Nacchio's Supreme Court petition not necessarily a reach
By Al Lewis, Dow Jones Newswires
Wednesday, March 25, 2009
Former Qwest Communications International Inc. CEO Joe Nacchio
took a lot of abuse when he was on trial in
in 2007 on multiple insider-trading counts.
trial lawyer Maureen Mahoney painted the portrait in a petition
to the U.S. Supreme Court filed Friday.
"He was accosted on the streets, depicted by the Denver Post
alongside North Korean dictator Kim Jong Il, and even the trial
judge "s(aw) no reason why this man who grew up, the son of
Italian immigrants ... in New Jersey and New York, should ever
have come out here to Colorado," she wrote.
All of this is true. But let me explain, since I sat through
Nacchio's trial and was responsible for that Kim Jong Il thing.
are generally not this hostile unless they lose their retirement
savings, or their jobs, and believe a single individual is to
Five years before Nacchio got this rap, he had an office on the
52nd floor of the
Qwest Tower, where he bossed people around and
boasted incessantly about the company's growth prospects until
it quite suddenly shrank.
Then, during his trial, Nacchio strolled past this tower.
Naturally, some folks recognized him, so they flipped him the
bird, and screamed an obscenity or two.
This is something they can brag about for the rest of their
under-funded lives - and it was much more fun than just ranting
on a blog.
A reader sent me an email that I posted on my own blog on Feb.
27, 2007. (The blog was on the Web site of The Denver Post,
where I worked until joining Dow Jones Newswires in July.)
"With sunglasses on, Joseph Nacchio is clearly indistinguishable
from Kim Jong Il," it read.
I didn't know if this was really true, so in the interest of
research, I pulled a photo of Nacchio and juxtaposed it to the
"Axis of Evil" ruler.
The big, black hair, the dark sunglasses and the similar angle
of the cameras in both shots made for a pretty good gag - and,
to be clear, this was only in my wacky blog, not the newspaper
(Sorry, Joe. I was having fun at your expense. And to set the
record straight: You are much more dignified and handsome than
that nuclear-armed punk.)
I later became the only columnist to write that the Feds didn't
prove their case against Nacchio. As much as it disappointed me
to do so, here's what I wrote in The Denver Post on April 5,
2007 after the prosecution rested:
"Prosecutors may have shown the jury that Nacchio was a hype
artist, a stock dumper and an arrogant CEO. But they have not
shown whether Nacchio had criminal intent when he sold his
Jurors convicted him anyway. An appellate court overturned the
conviction in March 2008. Then in February, a broader panel of
the same appellate court overturned the overturning in an
unusual proceeding known as an "en banc" hearing. And now
Mahoney is trying to grab the attention of the Supreme Court.
Mahoney wrote in her petition that Nacchio is the only executive
ever charged with insider trading based upon financial
projections that didn't get met. She also challenged the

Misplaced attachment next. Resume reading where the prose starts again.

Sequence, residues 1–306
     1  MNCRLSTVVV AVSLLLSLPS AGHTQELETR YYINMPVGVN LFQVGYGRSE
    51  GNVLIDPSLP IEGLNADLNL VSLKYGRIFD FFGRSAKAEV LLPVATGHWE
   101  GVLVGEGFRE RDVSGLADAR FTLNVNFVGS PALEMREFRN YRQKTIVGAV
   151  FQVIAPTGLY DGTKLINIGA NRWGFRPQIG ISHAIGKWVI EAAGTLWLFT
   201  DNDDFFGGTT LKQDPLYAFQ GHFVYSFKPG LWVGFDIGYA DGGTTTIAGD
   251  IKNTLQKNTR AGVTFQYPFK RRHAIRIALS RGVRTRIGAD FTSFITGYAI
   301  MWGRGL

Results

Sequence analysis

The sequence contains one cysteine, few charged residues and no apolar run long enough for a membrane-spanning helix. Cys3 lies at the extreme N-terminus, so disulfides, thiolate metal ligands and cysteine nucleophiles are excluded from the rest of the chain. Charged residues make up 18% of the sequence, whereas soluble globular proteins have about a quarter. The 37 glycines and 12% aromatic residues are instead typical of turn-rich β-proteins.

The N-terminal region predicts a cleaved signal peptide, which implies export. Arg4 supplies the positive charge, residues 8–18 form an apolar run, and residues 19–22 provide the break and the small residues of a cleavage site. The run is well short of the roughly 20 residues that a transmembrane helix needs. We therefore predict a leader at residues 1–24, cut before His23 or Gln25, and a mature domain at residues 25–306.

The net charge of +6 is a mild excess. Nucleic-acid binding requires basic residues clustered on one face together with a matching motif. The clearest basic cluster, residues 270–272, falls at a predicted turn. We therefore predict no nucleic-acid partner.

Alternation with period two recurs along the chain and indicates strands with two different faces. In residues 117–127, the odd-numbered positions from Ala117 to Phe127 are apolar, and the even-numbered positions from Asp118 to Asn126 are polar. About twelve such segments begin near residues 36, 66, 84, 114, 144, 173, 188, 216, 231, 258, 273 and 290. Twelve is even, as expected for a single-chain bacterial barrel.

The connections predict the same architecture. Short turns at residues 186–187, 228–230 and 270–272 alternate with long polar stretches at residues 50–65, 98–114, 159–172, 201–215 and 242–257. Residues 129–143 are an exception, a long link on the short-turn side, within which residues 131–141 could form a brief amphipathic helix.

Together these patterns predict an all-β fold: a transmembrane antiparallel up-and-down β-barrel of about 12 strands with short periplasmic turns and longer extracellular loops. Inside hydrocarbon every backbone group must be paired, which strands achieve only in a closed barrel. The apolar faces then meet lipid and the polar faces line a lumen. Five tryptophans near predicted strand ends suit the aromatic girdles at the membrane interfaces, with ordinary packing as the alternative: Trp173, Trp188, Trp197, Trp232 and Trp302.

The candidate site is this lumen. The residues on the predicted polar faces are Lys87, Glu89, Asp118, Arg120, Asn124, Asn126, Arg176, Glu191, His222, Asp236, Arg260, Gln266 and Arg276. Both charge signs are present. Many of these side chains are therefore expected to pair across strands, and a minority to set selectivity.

definition of "materiality" in jury instructions, the exclusion
of expert testimony and an "ethnic bias" against Nacchio.
Nacchio was supposed to report to prison on Monday, but earlier
this month, Mahoney asked U.S. District Judge Marcia Krieger to
delay his six-year stay because a doctor had found something on
his leg that was not a shackle.
A biopsy later determined it wasn't cancerous. But Krieger
delayed Nacchio's scheduled arrival at the Schuylkill Federal
Correctional Institution in Minersville, Pa.,
pending a possible Supreme Court review. This leaves Nacchio
free until at least June.
"Nacchio's lawyer is one of the best Supreme Court advocates
there is," said Carl Tobias, a law professor at the
of Richmond in Virginia. "But getting the Supreme Court to
listen is always a long shot."
Mahoney got a 2002 conviction against Enron's accounting firm
Arthur Andersen overturned at the Supreme Court in 2005. But our
highest court is swamped with about 8,000 petitions and writes
only about 100 opinions a year, Tobias said.
Jay Brown, a law professor at the
who has painstakingly followed the Nacchio case, said parts of
Mahoney's petition smack of reaching. He said he even found
arguments where he believes she overstated applicable laws.
"Those statements suggest to me that the defendants know their
case for acceptance by the Supreme Court is weak," he said.
It's not a reach, however, to point out that the federal judge
who tried Nacchio, Edward Nottingham, said a lot of bizarre
things in court, including a few lines that support Mahoney's
claim of an "ethnic bias."
Nottingham not only made note of Nacchio's
Italian heritage, but also complained in open court that he had
to recess an hour early for Passover, just so Nacchio's lawyers
could "go eat gefilte fish."
I can't explain those remarks. All I can do is point out that
had to step down after presiding over the biggest case of his
career amid allegations that he viewed pornography on the job
and frequented prostitutes.
What all this has to do with whether Nacchio got a fair trial
seems ancillary to some more compelling points Mahoney has made.
Still, I think it will be interesting reading for Italians and
Jews who happen to be on the Supreme Court.
Al Lewis: 201-938-5266 or